Pym ( 2011 ) claims that technology has significantly expanded the scope of cross-cultural situation, leading to alterations in the configuration of culture. Machine translation has significantly impacted the way that translation process is shaped. To investigate the effectiveness of using machine translation, a growth of studies have been conducted on the comparison between manual translation and post-editing, particularly since the introduction of neural machine translation. Krings ( 2001 ) has classified the workload of post-editing into temporal, technical and cognitive effort. Temporal effort is related with the time duration in a task. Technical effort is about the labor used in a task. Cognitive effort is related to the mental workload in processing a task. It was found that the involvement of machine translation can have a potential effect on the cognitive process of human translators. For example, Daems et al. ( 2017a ) took an overview of machine translation errors to identify the relationship between machine translation errors and post-editing efforts. In addition, translators with different translation experience may show different attitudes towards using machine translation. It was found that inexperienced translators treated post-editing task as a mainly lexical task, whereas professional translators paid more attention to the coherence and style (Daems et al. 2017b ). A survey conducted by Guerberof ( 2018 ) showed that translators with post-editing experience were more likely to appreciate the help of machine translation and were more likely to hold a positive attitude towards machine translation post-editing. In addition, Moorkens et al. ( 2018 ) found that professional translators tended to favor translation from scratch over post-editing in literary translation, because manual translation allowed them more creative freedom, as opposed to being constrained by machine translation. To further compare the process of human translation and post-editing, Guerberof, Toral ( 2020 ) carried out a study based on a fictional story from English into Catalan. They revealed that post-editing might enhance the literary translation productivity of translators. Meanwhile, it was also found that post-editing was faster than human translation in processing technical texts (Yang et al., 2021 ). Altogether, the efficiency of post-editing performance can be influenced by various factors, such as machine translation systems, text types, and translation experience.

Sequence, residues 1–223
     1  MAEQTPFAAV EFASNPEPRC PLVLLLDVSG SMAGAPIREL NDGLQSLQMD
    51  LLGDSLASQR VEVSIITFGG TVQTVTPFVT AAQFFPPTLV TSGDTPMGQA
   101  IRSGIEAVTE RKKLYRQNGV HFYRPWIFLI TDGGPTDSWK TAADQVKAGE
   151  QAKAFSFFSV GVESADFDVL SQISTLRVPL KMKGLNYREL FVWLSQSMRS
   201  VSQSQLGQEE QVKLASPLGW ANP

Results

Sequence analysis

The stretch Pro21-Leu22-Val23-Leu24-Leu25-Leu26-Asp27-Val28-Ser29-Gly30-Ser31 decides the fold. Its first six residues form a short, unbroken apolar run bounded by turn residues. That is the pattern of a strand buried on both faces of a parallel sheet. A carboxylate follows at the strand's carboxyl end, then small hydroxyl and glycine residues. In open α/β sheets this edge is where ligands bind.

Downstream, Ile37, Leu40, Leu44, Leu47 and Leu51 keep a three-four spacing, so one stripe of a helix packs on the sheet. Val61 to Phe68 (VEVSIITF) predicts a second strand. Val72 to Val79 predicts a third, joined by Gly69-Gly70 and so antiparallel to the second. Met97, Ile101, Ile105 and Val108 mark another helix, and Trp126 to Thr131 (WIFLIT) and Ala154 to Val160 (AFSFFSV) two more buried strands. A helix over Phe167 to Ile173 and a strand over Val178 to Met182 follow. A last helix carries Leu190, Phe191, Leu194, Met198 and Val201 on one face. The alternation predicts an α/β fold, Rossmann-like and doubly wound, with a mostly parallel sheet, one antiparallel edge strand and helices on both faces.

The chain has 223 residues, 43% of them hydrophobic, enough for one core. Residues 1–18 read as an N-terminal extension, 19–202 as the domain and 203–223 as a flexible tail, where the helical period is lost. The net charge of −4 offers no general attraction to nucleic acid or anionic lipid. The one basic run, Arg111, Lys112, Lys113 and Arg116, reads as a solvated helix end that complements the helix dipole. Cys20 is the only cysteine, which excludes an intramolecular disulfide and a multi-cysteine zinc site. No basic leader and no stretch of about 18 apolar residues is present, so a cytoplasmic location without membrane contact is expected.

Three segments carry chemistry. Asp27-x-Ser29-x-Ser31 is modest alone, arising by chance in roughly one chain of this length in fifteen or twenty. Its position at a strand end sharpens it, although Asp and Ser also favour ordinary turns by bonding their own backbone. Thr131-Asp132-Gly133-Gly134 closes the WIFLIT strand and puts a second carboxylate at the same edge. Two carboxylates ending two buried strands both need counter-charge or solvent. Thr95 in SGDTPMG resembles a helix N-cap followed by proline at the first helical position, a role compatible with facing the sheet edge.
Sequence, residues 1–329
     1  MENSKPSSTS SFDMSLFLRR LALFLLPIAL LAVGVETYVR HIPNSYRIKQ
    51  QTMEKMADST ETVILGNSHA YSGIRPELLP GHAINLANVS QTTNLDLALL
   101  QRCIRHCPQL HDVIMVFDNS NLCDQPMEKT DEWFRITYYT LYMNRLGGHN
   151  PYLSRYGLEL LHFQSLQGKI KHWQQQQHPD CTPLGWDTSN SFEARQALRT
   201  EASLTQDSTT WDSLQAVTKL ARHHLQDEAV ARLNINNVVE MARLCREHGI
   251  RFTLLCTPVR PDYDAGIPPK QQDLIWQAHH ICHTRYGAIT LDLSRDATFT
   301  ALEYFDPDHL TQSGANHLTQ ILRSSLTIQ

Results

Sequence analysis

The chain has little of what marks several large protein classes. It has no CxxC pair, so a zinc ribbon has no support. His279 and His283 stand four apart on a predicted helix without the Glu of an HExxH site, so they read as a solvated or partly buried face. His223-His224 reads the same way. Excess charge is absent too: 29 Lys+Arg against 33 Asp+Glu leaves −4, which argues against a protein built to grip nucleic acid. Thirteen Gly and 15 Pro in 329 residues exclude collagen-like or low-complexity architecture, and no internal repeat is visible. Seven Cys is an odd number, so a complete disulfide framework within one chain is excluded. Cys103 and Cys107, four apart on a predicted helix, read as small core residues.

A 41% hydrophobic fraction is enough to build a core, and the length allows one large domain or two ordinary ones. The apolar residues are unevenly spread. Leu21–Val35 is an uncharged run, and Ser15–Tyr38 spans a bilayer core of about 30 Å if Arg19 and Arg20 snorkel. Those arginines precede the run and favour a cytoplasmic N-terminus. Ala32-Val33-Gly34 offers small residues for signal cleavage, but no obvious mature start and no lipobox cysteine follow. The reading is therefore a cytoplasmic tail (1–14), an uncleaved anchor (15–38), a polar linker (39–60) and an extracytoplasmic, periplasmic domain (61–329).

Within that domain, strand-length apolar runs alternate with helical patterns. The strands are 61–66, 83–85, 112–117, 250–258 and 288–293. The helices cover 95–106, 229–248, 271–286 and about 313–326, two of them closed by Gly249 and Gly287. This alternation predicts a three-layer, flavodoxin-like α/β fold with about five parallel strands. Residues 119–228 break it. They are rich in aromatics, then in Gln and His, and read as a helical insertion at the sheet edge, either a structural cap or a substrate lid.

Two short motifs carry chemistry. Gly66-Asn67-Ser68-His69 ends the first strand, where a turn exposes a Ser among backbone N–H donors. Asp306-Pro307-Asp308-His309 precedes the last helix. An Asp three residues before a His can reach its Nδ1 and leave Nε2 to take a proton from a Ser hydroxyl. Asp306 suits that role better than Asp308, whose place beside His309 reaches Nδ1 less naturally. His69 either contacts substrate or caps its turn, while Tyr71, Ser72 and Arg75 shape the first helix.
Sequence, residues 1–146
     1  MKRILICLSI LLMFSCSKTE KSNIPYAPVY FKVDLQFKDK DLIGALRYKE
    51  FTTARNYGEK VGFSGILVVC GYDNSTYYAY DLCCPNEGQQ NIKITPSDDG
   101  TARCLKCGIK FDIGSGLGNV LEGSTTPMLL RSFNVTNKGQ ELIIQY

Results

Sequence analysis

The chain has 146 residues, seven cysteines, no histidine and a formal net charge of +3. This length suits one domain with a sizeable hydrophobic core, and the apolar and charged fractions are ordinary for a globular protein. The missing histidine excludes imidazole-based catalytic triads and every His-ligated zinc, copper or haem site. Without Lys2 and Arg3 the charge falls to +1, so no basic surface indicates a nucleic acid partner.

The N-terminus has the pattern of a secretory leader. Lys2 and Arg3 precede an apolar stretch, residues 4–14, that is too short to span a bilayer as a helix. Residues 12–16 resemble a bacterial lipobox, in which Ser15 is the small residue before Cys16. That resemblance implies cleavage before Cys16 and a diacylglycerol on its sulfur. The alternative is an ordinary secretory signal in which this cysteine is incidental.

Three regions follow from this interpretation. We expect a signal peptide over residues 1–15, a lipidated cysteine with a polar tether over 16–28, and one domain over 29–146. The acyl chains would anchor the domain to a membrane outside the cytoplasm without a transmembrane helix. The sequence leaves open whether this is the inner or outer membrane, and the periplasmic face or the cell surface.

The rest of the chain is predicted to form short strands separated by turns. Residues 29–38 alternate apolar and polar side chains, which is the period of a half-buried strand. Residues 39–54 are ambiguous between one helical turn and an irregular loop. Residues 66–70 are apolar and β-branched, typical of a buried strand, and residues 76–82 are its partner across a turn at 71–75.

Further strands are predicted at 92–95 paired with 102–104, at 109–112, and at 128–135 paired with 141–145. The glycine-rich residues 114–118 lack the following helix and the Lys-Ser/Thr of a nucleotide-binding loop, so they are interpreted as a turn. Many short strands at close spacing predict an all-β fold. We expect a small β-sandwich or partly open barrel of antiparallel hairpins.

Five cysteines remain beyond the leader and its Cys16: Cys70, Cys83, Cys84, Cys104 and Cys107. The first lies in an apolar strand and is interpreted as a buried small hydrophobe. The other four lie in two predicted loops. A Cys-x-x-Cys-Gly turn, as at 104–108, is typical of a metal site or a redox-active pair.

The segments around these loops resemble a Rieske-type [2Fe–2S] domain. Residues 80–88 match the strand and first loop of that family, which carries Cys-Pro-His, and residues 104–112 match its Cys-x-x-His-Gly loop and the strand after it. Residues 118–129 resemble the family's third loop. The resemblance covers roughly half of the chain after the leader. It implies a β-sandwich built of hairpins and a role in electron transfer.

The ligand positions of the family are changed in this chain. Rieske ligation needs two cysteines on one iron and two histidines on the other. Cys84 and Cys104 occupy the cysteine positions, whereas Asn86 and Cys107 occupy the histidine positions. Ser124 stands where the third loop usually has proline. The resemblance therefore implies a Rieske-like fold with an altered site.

The need for rapid information delivery is a critical consideration in news translation, making machine translation come into being as a practical solution. Machine translation, which has undergone continuous quality improvement, has been tentatively adopted in news translation (Koponen et al., 2021 ; Krüger, 2022 ; Ruano, 2021 ). For instance, Krüger ( 2022 ), taking news translation as an example, has compared the quality of machine translation and human translation quality. The primary task in post-editing news translation includes the correction of terminology, avoidance of ambiguity, as well as the cultural and ideological modifications. Feng and Li ( 2016 ) have conducted a study on news machine translation post-editing. They offered specific post-editing techniques, such as adjusting word order and dividing sentences. Nevertheless, the complex nature of news translation, coupled with the inherent limitations of machine translation, has created significant challenges for news machine translation post-editing, particularly for translation learners who may lack sufficient expertise to handle the nuances of cultural and ideological bundles. In this regard, it is crucial to investigate the performance and perception of novice translators when they work with machine translation so as to optimize their machine translation use and enhance their translation efficiency.

In order to unearth and observe how and to what extent machine translation can help translation learners in news translation, the following research questions will be addressed.

How well does Google Translate perform in Chinese-English news translation through the linguistic and cultural lenses?

What is the performance of novice translators like in post-editing compared to manual translation?

How do novice translators perceive the use of Google Translate in Chinese-English news translation?

The study has employed a mixed-method approach that combines qualitative and quantitative methods. Specifically, the qualitative method aims to gain an understanding of novice translators’ perception and attitudes towards machine translation post-editing through interpretive analysis of the questionnaires. Meanwhile, the quantitative approach, including the interpretation of performance data from post-editing and manual translation, enables a systematic evaluation of the performance of machine translation in news translation. It is hoped that the mixed-method approach can cross-validate the findings, which allows for a more comprehensive and in-depth analysis of the feasibility of machine translation in educational settings.